The assignments for this class were great – we had to make a visual lookbook for our project (I learned a ton from seeing the lookbooks of classmates), and we also had a lot of still photography assignments that just got me observing the world in a different way.
The other awesome lesson from this class was about the “final pre-production meeting,” where you block out an entire day for the heads of all departments to meet, and read through the entire script. It’s the venue where everyone commits to the feasibility of shooting every shot in the script, and you flag potential issues and schedule sidebar / follow-up meetings to talk through any details that still need to be figured out. It is basically the most important meeting, critical to ensuring the successful technical execution of the project.
I got a bunch of great feedback on my visual lookbook from my TA for this course, Asher Jelinksy.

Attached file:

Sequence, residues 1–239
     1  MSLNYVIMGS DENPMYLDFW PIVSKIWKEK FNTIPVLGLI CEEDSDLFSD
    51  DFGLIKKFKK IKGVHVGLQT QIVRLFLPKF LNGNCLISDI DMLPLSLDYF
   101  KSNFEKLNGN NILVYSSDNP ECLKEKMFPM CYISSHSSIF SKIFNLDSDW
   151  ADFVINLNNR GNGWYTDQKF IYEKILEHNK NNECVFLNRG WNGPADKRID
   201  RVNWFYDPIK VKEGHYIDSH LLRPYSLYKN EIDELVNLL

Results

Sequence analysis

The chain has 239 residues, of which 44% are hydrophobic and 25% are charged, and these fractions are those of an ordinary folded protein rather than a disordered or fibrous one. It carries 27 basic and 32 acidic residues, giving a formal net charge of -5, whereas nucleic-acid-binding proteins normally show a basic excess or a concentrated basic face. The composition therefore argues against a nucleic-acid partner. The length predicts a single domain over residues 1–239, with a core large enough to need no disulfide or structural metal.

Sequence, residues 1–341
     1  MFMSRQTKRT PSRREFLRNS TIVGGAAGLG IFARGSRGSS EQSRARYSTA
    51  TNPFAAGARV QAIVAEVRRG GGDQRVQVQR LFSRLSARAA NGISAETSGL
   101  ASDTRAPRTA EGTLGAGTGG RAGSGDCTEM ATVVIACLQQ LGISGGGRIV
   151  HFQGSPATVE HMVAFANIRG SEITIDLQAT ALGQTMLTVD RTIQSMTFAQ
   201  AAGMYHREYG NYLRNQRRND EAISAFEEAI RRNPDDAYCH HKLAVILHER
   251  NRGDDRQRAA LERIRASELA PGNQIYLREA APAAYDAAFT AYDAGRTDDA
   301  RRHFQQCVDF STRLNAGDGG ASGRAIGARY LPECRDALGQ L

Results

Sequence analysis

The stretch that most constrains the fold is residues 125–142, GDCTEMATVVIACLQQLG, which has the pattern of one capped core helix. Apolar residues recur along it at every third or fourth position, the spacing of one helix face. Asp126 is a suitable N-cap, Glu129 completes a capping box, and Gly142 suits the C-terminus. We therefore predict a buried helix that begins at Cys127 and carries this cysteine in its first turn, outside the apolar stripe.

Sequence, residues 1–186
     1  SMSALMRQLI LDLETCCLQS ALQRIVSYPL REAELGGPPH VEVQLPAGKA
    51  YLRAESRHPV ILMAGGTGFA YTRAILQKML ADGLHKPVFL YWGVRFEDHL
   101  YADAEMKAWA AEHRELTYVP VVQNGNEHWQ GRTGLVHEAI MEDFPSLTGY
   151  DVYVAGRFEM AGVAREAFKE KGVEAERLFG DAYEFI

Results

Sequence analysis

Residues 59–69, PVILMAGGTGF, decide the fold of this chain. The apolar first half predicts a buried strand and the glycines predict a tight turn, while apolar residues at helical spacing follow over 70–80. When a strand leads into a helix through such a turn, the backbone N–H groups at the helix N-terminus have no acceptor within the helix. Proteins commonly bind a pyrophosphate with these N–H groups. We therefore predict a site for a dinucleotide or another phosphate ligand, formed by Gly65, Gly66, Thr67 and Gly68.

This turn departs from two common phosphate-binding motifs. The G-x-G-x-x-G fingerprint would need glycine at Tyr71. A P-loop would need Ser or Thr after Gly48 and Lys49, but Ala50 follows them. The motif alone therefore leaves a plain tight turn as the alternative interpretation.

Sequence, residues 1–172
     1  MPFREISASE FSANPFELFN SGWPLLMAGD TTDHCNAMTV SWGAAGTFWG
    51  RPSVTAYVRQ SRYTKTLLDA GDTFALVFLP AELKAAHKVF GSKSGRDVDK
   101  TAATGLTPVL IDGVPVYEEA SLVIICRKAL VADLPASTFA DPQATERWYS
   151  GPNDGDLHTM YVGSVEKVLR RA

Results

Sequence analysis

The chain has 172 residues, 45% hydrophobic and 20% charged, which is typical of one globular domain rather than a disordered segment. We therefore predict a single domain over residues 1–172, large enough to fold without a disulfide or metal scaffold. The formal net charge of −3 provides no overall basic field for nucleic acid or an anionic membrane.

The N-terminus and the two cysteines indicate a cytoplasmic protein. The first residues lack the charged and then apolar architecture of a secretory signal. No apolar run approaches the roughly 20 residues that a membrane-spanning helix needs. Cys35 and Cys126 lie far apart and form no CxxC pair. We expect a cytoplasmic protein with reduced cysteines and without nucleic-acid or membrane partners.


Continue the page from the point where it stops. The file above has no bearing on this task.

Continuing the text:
Screenwriting: Writing Your Third Act // Deborah Goodwin // Oct 2021
My key takeaway in this class was:
Prioritize the emotional truth over the historical or logical truth of the story.
Why I think this makes sense for a story is because as the author, you set the rules of the world and can bend them to the emotional truth of the characters.
So you can reverse engineer everything – the causal logic, the rules of the world – to most effectively convey the epiphany of the protagonist or deliver the premise of the story.
- Act 3 is NOT about “tying up the plot.” It is the climax and resolution of all the tension you have created for the protagonist.
- If Act 3 is falling flat, if it’s unraveling too quickly, it is because you have not interrogated the dramatic question from enough angles.
- Don’t be too subtle – sometimes you just need to SAY IT (the theme) directly.
- EVERY SCENE must be book-ended by a WANT, a DESIRE, a NEED, and AN OUTCOME!